It has long been a dream of mine to visit the Gallipoli Peninsula in Turkey, given its significance in the hearts and minds of Australians, New Zealanders and Turks. To Australians, the Gallipoli campaign occurred soon after Federation, and was one of the first defining acts of a young nation on a world stage. To the Turks, it was seen as a much-needed victory in the declining years of the Ottoman Empire, even though it was achieved with significant German influence.
The history of the Gallipoli Campaign is well known and documented, and as a 11 year old child, I recall the Gallipoli school project our class undertook after spending two days at the Australian War Memorial in Canberra. When the film of the same name was released in 1981, it helped me to visualize what may have happened in 1915.
The main aim of this visit was to experience the landscape in the context of history, and to also pay my respects to our fallen soldiers. Photography was not the major objective of the visit, with the timing also being wrong. The Gallipoli Peninsula is a 5 hour drive from Istanbul, and although many visitors do stay overnight or a few days locally; due to other commitments I could only spend the day. As a result, neither sunrise or sunset shooting was possible.
I travelled with a group of Australians, and we were fortunate to have a very knowledgeable Turkish guide, Necmi. It was enlightening through him, to understand the Turkish view of the campaign, as well as to help explain the very significant camaraderie and bond between the Turks and ANZACs, both then and now.
The Australian Government has a very worthwhile website which details an ANZAC walk, that covers all the significant ANZAC sites in the area. There are extensive notes and this is designed as a self-directed activity. This is what I will be doing for my next visit:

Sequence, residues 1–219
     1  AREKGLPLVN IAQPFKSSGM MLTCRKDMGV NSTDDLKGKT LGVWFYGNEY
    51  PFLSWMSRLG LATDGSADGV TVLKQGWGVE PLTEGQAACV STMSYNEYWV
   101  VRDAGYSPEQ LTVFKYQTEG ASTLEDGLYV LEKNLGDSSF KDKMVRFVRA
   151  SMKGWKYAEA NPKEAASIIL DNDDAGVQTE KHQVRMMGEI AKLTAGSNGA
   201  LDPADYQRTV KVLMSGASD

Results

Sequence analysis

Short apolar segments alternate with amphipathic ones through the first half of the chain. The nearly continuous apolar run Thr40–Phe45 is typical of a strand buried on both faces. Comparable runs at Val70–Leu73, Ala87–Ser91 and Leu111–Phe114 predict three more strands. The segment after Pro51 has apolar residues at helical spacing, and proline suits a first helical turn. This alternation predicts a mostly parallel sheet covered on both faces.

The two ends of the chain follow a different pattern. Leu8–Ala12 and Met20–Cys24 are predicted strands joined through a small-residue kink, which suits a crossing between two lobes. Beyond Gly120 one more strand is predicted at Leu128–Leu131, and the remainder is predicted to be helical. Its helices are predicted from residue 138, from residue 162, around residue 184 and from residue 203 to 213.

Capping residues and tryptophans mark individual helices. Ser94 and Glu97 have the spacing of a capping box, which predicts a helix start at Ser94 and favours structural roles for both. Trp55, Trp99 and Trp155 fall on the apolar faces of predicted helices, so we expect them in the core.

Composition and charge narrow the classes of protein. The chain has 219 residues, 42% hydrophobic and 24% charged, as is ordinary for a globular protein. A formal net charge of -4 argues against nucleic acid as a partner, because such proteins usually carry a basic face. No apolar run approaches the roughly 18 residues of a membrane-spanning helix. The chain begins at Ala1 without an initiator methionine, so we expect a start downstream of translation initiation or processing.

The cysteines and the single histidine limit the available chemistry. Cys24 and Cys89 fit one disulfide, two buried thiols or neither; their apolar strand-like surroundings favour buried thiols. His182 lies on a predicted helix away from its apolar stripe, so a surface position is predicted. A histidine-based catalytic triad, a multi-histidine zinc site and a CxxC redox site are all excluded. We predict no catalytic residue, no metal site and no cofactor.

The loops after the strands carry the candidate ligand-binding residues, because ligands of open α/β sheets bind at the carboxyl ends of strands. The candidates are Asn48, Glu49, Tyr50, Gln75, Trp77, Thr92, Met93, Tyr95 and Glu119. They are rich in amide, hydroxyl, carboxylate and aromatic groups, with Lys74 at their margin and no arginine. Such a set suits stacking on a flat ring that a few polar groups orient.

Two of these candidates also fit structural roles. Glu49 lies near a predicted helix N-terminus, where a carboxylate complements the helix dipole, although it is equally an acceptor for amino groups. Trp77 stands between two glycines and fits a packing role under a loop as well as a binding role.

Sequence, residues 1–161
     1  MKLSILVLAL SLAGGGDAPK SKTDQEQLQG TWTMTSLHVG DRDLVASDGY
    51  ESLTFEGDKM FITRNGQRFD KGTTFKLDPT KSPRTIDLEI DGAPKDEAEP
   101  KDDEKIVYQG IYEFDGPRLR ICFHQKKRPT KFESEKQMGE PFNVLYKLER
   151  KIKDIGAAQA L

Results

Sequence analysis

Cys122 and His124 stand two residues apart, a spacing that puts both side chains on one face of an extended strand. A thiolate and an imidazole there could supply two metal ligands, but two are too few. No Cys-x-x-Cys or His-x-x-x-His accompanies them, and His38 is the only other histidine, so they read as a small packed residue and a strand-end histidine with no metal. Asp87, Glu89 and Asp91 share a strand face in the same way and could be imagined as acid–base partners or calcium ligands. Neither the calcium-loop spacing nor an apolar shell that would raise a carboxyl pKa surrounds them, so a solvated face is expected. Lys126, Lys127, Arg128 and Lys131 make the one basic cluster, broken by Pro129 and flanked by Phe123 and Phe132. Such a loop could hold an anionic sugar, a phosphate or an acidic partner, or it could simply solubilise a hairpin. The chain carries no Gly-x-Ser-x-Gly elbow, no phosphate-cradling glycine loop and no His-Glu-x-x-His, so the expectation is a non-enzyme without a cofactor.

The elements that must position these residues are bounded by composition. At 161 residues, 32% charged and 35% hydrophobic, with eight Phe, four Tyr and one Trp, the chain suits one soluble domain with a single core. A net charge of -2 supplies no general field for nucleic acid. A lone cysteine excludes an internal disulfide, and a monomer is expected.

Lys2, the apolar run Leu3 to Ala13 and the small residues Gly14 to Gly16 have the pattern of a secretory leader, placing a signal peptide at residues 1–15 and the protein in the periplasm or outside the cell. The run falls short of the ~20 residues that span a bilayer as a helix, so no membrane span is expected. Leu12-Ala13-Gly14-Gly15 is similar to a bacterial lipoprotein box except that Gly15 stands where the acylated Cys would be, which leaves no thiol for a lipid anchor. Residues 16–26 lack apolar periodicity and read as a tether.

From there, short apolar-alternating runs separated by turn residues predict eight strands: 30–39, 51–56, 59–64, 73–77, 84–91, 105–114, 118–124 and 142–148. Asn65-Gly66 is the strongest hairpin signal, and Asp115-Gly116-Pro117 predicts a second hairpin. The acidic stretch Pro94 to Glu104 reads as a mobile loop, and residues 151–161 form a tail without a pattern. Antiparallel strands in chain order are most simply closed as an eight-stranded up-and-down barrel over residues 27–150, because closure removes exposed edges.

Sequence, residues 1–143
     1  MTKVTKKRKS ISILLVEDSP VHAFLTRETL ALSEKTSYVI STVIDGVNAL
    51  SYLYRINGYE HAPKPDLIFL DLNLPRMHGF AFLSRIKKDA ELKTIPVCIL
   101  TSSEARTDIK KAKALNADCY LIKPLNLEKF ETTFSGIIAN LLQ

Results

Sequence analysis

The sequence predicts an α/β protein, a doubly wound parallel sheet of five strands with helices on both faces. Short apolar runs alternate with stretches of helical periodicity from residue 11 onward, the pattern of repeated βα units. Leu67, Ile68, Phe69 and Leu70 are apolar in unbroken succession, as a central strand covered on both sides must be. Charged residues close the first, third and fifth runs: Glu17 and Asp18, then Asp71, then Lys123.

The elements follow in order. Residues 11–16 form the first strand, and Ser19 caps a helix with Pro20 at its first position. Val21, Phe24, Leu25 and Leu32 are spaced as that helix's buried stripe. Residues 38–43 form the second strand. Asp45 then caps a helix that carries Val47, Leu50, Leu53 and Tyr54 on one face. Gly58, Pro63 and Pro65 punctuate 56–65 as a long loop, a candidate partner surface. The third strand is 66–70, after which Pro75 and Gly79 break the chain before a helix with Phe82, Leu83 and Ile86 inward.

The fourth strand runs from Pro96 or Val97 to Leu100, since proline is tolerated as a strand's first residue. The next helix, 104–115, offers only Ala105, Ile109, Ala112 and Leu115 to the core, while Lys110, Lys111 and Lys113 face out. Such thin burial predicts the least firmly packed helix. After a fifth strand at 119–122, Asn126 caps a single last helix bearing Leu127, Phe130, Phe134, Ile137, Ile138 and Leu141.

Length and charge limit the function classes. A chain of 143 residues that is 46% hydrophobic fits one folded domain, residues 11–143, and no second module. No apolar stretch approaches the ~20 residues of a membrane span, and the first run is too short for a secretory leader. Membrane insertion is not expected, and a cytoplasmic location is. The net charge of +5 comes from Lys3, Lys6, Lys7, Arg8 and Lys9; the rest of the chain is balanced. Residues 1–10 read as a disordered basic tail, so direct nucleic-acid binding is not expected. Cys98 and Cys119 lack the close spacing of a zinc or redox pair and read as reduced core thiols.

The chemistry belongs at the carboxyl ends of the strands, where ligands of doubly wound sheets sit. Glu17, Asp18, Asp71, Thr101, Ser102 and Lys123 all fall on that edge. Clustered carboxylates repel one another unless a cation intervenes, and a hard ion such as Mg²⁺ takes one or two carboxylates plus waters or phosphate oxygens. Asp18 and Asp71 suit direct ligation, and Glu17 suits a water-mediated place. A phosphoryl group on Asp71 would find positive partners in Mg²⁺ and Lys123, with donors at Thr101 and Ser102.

Australian Government Anzac Site
The images I’ve included are slightly larger than normal so the inscriptions on some of the tombs and memorials are readable.
The walk begins at the ANZAC Commemorative site on North Beach. This is where the dawn service is held on the 25th April each year.
Directly behind and above the site is the Sari Bair mountain range which would have proved a formidable sight when the ANZACs first landed on April 25, 1915. The most noticeable feature of this range was an outcrop known to the Turks as Yusuk Tepe. The ANZACs having been camped in Egypt prior to deployment, named this “The Sphinx”, a name which has stuck even with the locals to this day.
To the south of “North Beach” before reaching ANZAC Cove, is the Ari Burnu Cemetery at the head of the bay. This is the northerly point of ANZAC Cove.
This quote is from Australian Government Anzac Site
“If you had gazed out to sea in the pre-dawn gloom of 25 April 1915 from Ari Burnu (Bee Point) you would have seen the assembled British invasion fleet which had made the 100 kilometre trip through the night from the Greek island of Lemnos. Facing you would have been a collection of Royal Navy warships – battleships and destroyers (sometimes referred to as torpedo boats) and behind them large transport ships. In these ships were the soldiers of the ANZAC Corps, the 1st Australian Division and the New Zealand and Australian Division. Each man who was to land at dawn in the first wave had been inspected to ensure that he had all his equipment – rifle, pack, two empty sandbags, a full water bottle, 200 rounds of ammunition in his ammunition pouches and two little white bags containing an extra two days ration (a tin of bully beef, small tin of tea and sugar and a supply of hard coarse biscuits)”
Ari Burnu Cemetry was the site of the dawn service until 2000. Of the 182 Australian graves, 82 were from the Australian Light Horse Regiment. The first rows of graves depicted in the image below are the graves of men from the 8th Light Horse regiment from Western Victoria.